In my modern-day setting, people who use magic are called Fjǫlkunnigr, who gain four different powers based on core aspects of their personality called Megin. There are only three ways for someone to become Fjǫlkunnigr: binding their souls to one of twelve ancient artefacts called Divine Tools, touching magic tainted-objects or inheritance. Inheritance occurs because Fjǫlkynngi is a dominant genetic mutation transmitted from parent to offspring, and second-generation Fjǫlkunnigr will not have their Megin active until their bodies reach full physical and sexual maturity.

There also exists a faction called the Degenerates consisting of humans parasitised by a species of mind-controlling and gene-altering pentastomids hailing from the Late Cambrian. These pentastomids’ modus operandi is after turning adult humans into genderless humanoids that lay pentastomid eggs; these pentastomids cherry pick desirable genetic traits from said hosts, which they then pass on to their offspring, allowing them to modify future hosts via a retrovirus. The problem is that the Degenerates’ four ruling kings are first-gen Fjǫlkunnigr, and their pentastomid “offspring” can’t convert parasitised humans into Fjǫlkunnigr.

There would probably be a lot of evolutionary pressure for the Degenerates to evolve toward a species-wide acceptance of the Fjǫlkynngi gene. So why haven’t they?

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    $\begingroup$ I'm having a little problem understanding what it is that's exactly going on, and what the problem is. Do the degenerates that stole traits have magic, but their offspring don't? $\endgroup$ – DWKraus Sep 11 '20 at 2:30
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    $\begingroup$ @DWKraus That's the whole plot synopsis. $\endgroup$ – Arbiter Elegantiae Sep 11 '20 at 2:34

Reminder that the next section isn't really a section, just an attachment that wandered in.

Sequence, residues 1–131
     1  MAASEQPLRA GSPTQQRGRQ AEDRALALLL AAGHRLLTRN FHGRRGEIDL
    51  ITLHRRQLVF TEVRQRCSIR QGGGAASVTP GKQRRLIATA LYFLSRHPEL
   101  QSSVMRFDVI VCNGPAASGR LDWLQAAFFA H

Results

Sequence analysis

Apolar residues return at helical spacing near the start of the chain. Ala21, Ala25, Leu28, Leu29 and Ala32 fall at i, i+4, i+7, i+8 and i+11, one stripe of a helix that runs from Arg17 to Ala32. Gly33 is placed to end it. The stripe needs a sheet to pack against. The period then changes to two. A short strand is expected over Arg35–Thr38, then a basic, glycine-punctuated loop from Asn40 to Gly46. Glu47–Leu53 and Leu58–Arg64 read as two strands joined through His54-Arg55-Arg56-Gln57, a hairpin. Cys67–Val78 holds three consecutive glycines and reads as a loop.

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    $\begingroup$ For reference, pantastomids are parasitic arthropods, sometimes known as tongue worms, and considered by some to be crustaceans en.wikipedia.org/wiki/Pentastomida $\endgroup$ – Tom J Nowell Sep 11 '20 at 14:25
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    $\begingroup$ xkcd.com/483 $\endgroup$ – user253751 Sep 11 '20 at 14:28
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    $\begingroup$ So a parasite effectively sterilize its host, than produce another generation of parasites which carry a "genetic payload" selected from their (parasite) parent's host. And those offspring parasites infect new hosts and modify their genes with that payload? $\endgroup$ – G0BLiN Sep 11 '20 at 19:08

Puzzling genetics:

If your parasites that have stolen genes from magic hosts can use magic, but their offspring can't, here are a few of the routes to how this could work.

  • Sexual maturity as a developmental step is required for the magic to work. Since the subsequent offspring render their hosts into asexual beings to complete their life cycle, the gene transfer takes place AFTER the gender alteration. Since the subsequent hosts are essentially sexless, this critical developmental step is missed and the parasites can't use magic because their hosts didn't have the gene when they underwent sexual maturity.